There are many effects of traumatic brain injury (TBI) that occur immediately after the injury, including cognitive and behavioral changes. These changes in function may be related to changes in brain structure that can be seen on MRI scans. There may also be impairments in fine motor skills, coordination and balance, visual perception, and language. All of these acute effects get better over time unless an injury is very severe, in which case the impairments persist indefinitely.
For less severe head injuries, known as mild TBI (mTBI) or concussion, the effects later in life are understudied and less understood. This lack of research needed to understand the long-term outlook, including the potential risk of worsening problems, specifically chronic traumatic encephalopathy (CTE), creates a critical problem for the care of the mTBI patient. Awareness of this problem has increased as more reports and retrospective case series suggest mid- and late-life risks from mTBI, especially multiple concussions. The potential for early dementia after mTBI(s) is a frightening prospect for Service members (SMs) and Veterans who have sustained mTBI(s) during their service to our country.
The purpose of this study is to address this critical research gap by identifying and characterizing the late effects of mTBI and assessing the influence and interaction of the many potential risk factors for early dementia. To achieve these goals, the CENC relies on the expertise and knowledge of multiple civilian and military research groups, including the National Institute for Disability and Rehabilitation Research (NIDRR) TBI Model System (TBIMS) program, which has studied the long-term outcomes of more than 10,000 people with moderate to severe TBI for the past 20 years. The CENC study will extend the work of the TBIMS program to the population of Veterans with mTBI using a mixed-methods approach of combining patient-reported outcomes with assessments of cognitive and neurologic functioning. The study will also look at biological measures including laboratory, neuroimaging, and electrophysiological testing to sort out the role of mTBI in late outcomes including CTE and other illnesses.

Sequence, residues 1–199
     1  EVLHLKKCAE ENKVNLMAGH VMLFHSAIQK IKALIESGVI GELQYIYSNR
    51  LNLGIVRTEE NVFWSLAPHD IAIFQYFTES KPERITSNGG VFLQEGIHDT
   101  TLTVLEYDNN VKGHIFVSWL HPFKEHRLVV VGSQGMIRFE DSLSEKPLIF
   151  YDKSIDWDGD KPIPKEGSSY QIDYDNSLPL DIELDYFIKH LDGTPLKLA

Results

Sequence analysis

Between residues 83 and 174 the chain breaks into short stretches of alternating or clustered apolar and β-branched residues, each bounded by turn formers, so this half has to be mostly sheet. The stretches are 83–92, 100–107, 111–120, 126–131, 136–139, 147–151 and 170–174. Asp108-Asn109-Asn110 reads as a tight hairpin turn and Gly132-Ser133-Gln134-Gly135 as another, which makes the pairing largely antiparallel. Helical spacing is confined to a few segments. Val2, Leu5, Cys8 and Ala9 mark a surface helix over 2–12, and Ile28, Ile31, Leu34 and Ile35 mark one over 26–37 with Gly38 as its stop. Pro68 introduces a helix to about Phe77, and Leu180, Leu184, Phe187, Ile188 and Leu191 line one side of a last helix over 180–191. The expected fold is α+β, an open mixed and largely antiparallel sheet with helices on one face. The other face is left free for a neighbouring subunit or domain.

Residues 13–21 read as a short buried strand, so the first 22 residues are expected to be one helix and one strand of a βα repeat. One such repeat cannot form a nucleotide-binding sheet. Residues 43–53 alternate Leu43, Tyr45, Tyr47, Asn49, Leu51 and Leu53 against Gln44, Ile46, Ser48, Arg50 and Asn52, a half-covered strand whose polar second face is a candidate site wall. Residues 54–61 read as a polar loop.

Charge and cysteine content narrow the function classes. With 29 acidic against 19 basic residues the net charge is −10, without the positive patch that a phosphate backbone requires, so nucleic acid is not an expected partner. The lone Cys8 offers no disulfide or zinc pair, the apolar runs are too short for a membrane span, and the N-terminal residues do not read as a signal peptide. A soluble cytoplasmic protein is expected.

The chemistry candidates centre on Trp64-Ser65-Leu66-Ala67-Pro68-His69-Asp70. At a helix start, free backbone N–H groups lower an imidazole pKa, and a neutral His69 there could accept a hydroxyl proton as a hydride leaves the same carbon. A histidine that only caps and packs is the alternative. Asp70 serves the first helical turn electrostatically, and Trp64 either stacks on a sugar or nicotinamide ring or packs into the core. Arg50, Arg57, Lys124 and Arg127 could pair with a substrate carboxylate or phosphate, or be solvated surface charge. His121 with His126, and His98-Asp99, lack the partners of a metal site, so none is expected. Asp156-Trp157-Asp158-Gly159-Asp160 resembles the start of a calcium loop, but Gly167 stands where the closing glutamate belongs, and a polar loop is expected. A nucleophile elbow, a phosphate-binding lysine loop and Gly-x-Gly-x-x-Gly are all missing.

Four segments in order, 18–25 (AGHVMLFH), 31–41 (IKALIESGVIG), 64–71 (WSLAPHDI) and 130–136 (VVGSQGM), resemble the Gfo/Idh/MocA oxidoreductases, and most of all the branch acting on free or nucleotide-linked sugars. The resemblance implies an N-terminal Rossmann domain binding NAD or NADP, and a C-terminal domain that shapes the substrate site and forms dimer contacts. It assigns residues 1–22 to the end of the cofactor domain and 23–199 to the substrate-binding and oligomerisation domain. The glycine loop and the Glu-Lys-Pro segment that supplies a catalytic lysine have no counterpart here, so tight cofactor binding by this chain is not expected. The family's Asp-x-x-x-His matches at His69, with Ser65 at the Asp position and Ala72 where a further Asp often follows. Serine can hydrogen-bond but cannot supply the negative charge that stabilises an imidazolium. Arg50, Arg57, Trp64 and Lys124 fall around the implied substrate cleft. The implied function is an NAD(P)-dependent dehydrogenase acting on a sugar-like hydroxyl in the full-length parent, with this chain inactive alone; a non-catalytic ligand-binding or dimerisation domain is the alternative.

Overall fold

This study’s goal is to establish a large cohort (880) of former U.S. OEF/OIF/OND combatants who have had at least one mild Traumatic Brain Injury (mTBI) and follow the members of the cohort long-term to assess specific areas of their physical and mental health. Given the unclear role of mTBI(s) on long term health and the frequent co-occurrence of posttraumatic stress disorder (PTSD) in warfighters, the study will include a group of participants (220) who have experienced combat but have not had an mTBI.
All study participants will first have a detailed assessment to determine whether they have had an mTBI in the past and to assess the type, if any, of mental and physical health problems they are currently experiencing. After the first assessment, participants will have yearly re-assessments either over the phone or in person to follow up on the first set of measures.